|The War That Came Early |
POD: July 20, 1936;
Relevant POD: September 29, 1938
|Appearance(s):||West and East|
|Date of Birth:||20th century|
|Spouse:||Chaim Weinberg (married 1940, divorced 1941)|
|Children:||Carlos Weinberg (son)|
|Political Party:||Spanish Communist Party|
Magdalena Flores, better known as "La Martellita" ('the little hammer') was a Communist official of the Spanish Republic. Her nom de guerre was a loose translation of Molotov. In 1939, it fell to her to discipline Chaim Weinberg when the latter was being too candid in sharing his political opinions. Weinberg was attracted to La Martellita, a stunningly beautiful woman, and attempted to flirt with her, much to her disgust.
Weinberg next entrapped her into quoting Leon Trotsky, the "Red Antichrist." After having done so, La Martellita realized she had given Weinberg damning information he could use against her if she made her discipline harsh. La Martellita reluctantly sent him away with very light discipline. She was even afraid to deny him when he asked for her real name.
In 1940, after the event known as "the big switch", which saw Britain and France join their former enemy Germany against the Soviet Union, La Martellita, believing now that the Republican cause was doomed, became severely intoxicated in a pub in Madrid. She found a sympathetic ear in Weinberg, who helped carry her home. La Martellita allowed Weinberg into her bed, and let him stay the next day while he helped her with her hangover. She became pregnant. The two married, with La Martellita stating her intention to divorce Weinberg upon the birth of their child.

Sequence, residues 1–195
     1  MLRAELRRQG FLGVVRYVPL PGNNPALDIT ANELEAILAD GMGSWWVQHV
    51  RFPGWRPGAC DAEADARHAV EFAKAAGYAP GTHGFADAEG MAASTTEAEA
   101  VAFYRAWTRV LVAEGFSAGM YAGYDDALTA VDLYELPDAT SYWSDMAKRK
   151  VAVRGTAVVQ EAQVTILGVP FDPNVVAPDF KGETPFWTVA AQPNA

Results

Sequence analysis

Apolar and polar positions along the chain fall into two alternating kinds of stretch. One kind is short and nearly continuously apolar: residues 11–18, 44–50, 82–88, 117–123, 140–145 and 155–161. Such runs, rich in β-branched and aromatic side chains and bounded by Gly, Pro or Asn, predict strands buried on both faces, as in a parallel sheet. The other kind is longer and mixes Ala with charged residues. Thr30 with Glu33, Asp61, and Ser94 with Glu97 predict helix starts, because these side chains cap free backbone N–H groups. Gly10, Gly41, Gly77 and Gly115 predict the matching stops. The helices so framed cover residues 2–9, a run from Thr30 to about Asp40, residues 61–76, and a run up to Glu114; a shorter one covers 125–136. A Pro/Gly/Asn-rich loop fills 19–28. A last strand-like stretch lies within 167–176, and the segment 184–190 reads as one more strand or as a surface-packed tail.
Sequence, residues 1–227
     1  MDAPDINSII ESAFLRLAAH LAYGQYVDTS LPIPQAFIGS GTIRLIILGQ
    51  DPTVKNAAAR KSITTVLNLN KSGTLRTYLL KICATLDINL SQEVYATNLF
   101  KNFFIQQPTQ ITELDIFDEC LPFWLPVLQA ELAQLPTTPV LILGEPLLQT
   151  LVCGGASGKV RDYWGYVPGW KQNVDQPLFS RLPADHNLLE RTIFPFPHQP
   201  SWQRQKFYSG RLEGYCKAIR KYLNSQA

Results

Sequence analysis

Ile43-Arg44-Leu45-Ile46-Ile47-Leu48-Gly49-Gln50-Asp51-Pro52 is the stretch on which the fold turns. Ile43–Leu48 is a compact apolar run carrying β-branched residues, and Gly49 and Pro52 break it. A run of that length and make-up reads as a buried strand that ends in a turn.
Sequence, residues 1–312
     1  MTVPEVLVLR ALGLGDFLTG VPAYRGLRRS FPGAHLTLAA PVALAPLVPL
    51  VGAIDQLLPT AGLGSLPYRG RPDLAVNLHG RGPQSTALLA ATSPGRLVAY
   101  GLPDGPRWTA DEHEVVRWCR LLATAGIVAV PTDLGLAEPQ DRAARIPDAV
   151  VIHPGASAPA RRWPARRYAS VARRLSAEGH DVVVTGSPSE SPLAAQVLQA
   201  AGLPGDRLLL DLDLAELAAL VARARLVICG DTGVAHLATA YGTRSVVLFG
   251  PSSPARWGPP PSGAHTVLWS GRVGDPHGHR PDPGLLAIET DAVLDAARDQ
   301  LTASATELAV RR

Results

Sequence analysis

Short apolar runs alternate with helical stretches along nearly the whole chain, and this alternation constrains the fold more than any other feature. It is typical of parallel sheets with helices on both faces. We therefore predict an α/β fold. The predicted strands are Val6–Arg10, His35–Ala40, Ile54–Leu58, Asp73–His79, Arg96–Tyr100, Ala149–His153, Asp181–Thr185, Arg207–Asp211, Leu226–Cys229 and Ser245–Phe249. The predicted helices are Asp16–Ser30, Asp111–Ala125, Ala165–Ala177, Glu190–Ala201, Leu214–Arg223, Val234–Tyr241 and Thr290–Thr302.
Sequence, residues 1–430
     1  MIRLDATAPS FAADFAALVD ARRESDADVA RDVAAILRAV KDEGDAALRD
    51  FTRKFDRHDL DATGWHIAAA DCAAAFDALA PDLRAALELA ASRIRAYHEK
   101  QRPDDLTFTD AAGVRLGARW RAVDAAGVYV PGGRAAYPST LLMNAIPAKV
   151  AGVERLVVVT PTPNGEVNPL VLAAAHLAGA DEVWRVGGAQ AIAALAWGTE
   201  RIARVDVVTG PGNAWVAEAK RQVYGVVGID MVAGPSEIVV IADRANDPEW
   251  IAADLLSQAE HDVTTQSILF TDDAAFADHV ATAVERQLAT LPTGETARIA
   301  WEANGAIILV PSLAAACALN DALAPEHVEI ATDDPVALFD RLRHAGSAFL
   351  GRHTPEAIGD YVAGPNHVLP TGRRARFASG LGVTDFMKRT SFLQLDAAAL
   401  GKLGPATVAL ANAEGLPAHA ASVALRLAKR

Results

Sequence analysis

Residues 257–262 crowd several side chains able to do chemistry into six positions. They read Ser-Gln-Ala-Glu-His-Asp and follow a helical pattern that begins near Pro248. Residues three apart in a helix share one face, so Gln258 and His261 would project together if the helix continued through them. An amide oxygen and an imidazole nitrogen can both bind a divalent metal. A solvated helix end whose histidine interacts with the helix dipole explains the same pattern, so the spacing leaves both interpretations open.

La Martellita named her son Carlos Federico Weinberg after The Communist Manifesto authors Karl Marx and Friedrich Engels. She soon got into an intimate relationship with a Soviet military officer much to Weinberg's anger and envy. She also followed through on her plan to divorce Weinberg.